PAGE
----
A dozen states, mostly in the southern United States, still refuse to do so, although the federal government will pay 90 percent of the cost of expanding the program.
Extending Medicaid to postpartum women only seems to be a way for Republican-led states to defend their support for a sympathetic group, even when they oppose wider Medicaid expansion and a ban on abortion, Ross said.
In Texas, for example, a state where a quarter of women of childbearing age do not have health insurance, the highest rate in the nation and one of the 10 worst states for maternal mortality, lawmakers recently extended Medicaid to six-month-old pregnant patients. after birth, instead of two.
An adult who has two children cannot earn more than $ 2,760 a year and qualify for Medicaid – unless she is pregnant, in which case she can earn up to $ 45,600 a year and qualify. However, previously the exemption lasted only 60 days after birth – the federal minimum – after which most people became uninsured again.
Enlargement to six months is welcome, but not enough, said Erica Ramirez, director of policy and advocacy for the Texas Women’s Health Coalition: “We have six, which is better than nothing.” [But] again and again, [the] top recommendation [from maternal health experts] is for women to receive postpartum care for 12 months. “
When the legislation was signed, Texas Sen. Lois Colchhorst, who sponsored it, described the Medicaid expansion as “a bipartisan effort to keep healthy mothers in Texas and provide the care needed to avoid preventable deaths and diseases.”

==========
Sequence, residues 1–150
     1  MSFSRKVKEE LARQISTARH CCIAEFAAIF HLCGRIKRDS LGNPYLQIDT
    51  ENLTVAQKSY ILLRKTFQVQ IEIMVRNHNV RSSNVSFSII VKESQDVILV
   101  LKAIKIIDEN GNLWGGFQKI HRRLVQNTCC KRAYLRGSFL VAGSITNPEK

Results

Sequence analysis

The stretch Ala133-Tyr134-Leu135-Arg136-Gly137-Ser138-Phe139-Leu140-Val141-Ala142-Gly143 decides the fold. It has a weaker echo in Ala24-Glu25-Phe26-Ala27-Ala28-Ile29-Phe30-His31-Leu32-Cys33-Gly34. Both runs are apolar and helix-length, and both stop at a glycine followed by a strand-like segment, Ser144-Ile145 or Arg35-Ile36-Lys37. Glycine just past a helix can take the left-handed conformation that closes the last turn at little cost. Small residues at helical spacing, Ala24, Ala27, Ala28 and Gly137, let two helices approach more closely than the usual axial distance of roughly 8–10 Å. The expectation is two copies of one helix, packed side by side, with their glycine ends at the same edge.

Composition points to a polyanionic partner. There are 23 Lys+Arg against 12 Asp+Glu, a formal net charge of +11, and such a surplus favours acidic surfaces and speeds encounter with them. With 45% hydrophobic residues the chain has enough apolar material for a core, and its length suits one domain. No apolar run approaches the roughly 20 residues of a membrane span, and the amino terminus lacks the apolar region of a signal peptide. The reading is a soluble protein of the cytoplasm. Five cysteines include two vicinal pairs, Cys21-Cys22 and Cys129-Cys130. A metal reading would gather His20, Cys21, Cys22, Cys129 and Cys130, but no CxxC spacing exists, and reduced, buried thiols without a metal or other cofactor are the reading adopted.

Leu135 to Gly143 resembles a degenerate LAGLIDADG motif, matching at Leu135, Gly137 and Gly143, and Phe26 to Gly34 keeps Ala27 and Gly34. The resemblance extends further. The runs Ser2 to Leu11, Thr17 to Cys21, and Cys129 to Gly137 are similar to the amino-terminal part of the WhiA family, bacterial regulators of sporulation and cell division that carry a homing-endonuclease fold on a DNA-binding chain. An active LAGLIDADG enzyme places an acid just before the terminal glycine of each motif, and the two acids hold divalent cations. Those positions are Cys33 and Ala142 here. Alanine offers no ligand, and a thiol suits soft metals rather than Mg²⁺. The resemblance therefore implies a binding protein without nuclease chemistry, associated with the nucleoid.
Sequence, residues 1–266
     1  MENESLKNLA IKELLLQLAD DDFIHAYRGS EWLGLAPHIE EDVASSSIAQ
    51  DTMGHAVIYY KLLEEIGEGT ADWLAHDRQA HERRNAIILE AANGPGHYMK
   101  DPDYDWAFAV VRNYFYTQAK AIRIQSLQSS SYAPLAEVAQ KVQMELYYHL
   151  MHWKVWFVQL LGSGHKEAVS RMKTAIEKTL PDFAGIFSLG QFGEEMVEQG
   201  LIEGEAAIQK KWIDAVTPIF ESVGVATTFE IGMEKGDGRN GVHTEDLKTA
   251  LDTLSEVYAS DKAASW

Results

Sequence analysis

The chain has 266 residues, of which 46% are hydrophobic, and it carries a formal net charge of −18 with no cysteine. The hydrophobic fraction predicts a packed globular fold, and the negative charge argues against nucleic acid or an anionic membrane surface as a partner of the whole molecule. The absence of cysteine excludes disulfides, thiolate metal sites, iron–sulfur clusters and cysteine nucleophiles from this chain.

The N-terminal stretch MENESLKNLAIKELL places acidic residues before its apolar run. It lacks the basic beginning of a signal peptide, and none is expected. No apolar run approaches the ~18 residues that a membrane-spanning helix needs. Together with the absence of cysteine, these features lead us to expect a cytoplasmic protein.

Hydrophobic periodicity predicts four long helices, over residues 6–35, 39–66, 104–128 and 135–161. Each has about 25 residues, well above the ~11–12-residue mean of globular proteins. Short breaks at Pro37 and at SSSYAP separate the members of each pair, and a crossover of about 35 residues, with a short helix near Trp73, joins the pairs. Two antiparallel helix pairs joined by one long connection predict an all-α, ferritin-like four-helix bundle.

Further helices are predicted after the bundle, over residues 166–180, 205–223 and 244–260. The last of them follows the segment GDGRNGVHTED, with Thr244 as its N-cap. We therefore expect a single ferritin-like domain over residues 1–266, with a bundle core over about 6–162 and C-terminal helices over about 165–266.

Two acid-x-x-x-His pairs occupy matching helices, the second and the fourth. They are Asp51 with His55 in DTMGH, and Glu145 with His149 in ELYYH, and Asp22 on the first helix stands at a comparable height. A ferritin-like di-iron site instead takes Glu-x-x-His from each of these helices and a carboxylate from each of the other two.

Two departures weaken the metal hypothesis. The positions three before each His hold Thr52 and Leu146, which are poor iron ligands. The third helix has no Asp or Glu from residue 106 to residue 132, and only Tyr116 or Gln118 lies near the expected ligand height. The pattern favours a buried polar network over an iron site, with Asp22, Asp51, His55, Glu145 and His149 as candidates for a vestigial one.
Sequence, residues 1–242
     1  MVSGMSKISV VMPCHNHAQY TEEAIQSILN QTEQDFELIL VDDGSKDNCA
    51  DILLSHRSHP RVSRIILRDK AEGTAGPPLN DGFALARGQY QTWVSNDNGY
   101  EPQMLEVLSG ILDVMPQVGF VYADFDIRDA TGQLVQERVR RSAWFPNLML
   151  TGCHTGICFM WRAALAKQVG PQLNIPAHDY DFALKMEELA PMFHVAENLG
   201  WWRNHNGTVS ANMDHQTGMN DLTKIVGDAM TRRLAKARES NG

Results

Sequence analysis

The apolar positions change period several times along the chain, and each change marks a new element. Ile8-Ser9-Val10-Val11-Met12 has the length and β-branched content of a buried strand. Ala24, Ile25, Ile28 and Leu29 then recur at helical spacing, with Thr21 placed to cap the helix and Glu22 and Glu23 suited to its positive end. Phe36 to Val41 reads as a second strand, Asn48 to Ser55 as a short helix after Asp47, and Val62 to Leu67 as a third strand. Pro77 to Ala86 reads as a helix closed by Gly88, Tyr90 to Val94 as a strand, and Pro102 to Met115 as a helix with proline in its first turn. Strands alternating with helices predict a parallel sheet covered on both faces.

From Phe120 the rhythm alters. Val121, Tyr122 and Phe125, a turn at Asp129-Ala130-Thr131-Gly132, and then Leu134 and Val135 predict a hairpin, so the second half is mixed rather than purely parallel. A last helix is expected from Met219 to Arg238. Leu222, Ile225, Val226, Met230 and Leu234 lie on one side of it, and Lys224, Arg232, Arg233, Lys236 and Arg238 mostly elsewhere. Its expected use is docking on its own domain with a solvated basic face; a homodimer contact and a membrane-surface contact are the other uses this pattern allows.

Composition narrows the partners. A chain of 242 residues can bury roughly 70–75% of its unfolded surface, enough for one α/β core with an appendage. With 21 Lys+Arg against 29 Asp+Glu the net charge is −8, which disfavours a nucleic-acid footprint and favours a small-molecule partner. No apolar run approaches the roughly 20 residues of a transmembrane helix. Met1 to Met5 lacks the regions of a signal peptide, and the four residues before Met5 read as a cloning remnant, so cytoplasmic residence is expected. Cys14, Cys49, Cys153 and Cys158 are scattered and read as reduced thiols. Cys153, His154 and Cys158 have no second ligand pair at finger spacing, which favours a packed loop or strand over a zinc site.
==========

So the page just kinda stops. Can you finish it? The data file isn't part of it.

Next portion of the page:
Yet just two days before the bill passed the Senate, Colchhorst and her Republican counterparts passed a total ban on abortion, which is expected to take effect immediately if the U.S. Supreme Court terminates federal protection against abortion. This is one of 26 abortion restrictions that Colhorst voted for in his 11-year career as a legislator.
Such an effort to simultaneously expand Medicaid for pregnant women and ban abortion is underway in Alabama. There, one of the most vocal supporters of the expansion is Republican Secretary of State Debbie Wood, who also opposes abortion in almost all circumstances, including rape and incest.
Colchhorst could not be reached for comment, and Wood did not respond to interview requests.
In Tennessee, Republican Gov. Bill Lee directly linked post-Medicaid expansion and abortion. At a news conference in May, he spoke of banning Tennessee’s “trigger,” a law that would allow the state to ban abortions immediately if the Supreme Court terminates federal defenses.
“The lives of unborn children are very important to protect their lives,” he said, adding: “It is also important to realize that women in crisis need support and help through this process. For example, that’s why we’ve expanded our postpartum coverage for women at TennCare. “
“This kind of strategy pits needy people against each other,” Ross said. “We need to stand up for postpartum women to receive Medicaid and fuck everyone else who needs it.” This is a classic divide-and-conquer strategy.